5 tips to help you be more productive this year

Strategies for working faster and smarter despite distractions


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Although technological advancements have made it easier to work around the clock, it also means that the average person has to deal with more distractions and a much more complex work process, says Ron Friedman, an American author, social psychologist and founder of consulting firm ignite80

"Our assignments have grown more collaborative, requiring more coordination, conference calls, and meetings. We now face an endless barrage of distractions, from the vibrations and alerts on our smartphones to the breaking news stories and viral videos awaiting us at our desks," he says in an article for the Harvard Business Review

"Now, more than ever, we need strategies for being productive," says Friedman. 

To answer the productivity question, Friedman shares productivity strategies from bestselling science and productivity writers. 

Here are 5 of our favourite strategies that they shared with Friedman. 

1. Own your time - The most satisfying work comes about when we are "working on projects that we ourselves initiate," says Friedman. Tom Rath, author of Are You Fully Charged? agrees with this sentiment recommending that people first complete one important task before tackling smaller ones such as reading emails. 

2. Take frequent breaks - Forget the myth of the "ideal worker", says Friedman. The ideal worker is someone "who works constantly, often at great expense to their personal life." There is overwhelming evidence that this is not as productive as previously thought, says Friedman. 

"As humans, we have a limited capacity for focused attention."

According to Brigid Schulte, journalist and author of the New York Times bestseller Overwhelmed, there are benefits to recognising your physical limitations and taking "short restorative breaks".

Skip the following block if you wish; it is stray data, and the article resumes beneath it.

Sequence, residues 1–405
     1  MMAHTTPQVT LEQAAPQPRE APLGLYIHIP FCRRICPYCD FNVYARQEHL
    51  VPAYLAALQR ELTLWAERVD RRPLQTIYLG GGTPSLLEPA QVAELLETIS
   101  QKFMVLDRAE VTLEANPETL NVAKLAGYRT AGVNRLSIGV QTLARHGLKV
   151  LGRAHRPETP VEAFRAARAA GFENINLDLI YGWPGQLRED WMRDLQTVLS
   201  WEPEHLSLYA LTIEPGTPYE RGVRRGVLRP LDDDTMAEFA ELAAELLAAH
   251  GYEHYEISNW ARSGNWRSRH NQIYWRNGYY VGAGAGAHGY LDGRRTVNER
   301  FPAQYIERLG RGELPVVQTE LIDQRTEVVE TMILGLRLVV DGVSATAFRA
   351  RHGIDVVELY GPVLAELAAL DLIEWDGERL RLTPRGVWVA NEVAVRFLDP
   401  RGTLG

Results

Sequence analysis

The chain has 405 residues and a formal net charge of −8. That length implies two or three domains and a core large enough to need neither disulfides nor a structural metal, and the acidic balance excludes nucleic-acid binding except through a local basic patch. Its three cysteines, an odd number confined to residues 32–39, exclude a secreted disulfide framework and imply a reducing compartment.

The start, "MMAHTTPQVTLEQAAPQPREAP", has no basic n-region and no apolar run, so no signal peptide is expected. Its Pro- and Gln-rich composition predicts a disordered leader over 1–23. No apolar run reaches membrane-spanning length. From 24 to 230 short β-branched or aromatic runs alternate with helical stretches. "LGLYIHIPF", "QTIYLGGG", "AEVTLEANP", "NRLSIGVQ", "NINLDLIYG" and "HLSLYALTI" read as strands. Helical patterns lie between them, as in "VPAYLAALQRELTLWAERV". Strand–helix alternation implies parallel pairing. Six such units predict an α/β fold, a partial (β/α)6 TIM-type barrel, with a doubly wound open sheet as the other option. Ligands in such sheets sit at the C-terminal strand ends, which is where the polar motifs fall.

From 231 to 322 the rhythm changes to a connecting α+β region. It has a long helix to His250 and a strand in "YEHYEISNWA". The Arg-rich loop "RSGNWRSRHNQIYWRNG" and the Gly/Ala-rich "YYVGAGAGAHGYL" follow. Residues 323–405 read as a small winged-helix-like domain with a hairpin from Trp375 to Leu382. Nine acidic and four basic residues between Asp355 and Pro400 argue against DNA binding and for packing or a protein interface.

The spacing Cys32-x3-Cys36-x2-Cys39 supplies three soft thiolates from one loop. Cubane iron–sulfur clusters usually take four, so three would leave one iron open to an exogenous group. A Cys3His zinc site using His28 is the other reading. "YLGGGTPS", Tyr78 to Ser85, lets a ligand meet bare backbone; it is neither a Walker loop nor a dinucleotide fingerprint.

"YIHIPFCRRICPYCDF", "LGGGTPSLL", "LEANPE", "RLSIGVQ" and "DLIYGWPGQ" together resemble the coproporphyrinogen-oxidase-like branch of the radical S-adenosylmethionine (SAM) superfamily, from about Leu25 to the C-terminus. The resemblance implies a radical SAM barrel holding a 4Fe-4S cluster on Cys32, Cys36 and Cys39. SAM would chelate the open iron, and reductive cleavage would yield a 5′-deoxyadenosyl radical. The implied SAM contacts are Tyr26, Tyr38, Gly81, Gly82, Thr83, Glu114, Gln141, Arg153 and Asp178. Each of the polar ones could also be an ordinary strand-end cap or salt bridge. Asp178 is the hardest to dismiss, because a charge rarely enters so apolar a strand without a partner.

3. Learn to say no -  Author and consultant Rory Vaden, shares with Friedman his advice to have a strategy in place for saying no in advance - this way you will have a quick response to request easily on hand. 

"Create an email template, or write out a script that you can use when doing it in person," says Friedman. 

4. Make important behaviours measurable - To see any sort of progress for any of your goals it's important to track your progress, says Friedman, who references author Gretchen Rubin, an expert on happiness and habits, who says monitoring is one of the "keys to behavior changes".  

"If you want to eat more healthily, keep a food journal. If you want to get more exercise, use a step counter. If you want to stick to a budget, track your spending," says Rubin. 

5. Find ways to make more time for yourself - This process often means completing task you may not enjoy, says Friedman, but that buy you more time in the long run. This includes automating or delegating activities. Author and consultant Rory Vaden suggests everyone ask themselves, "How can I use my time today in ways that create more time tomorrow?" 

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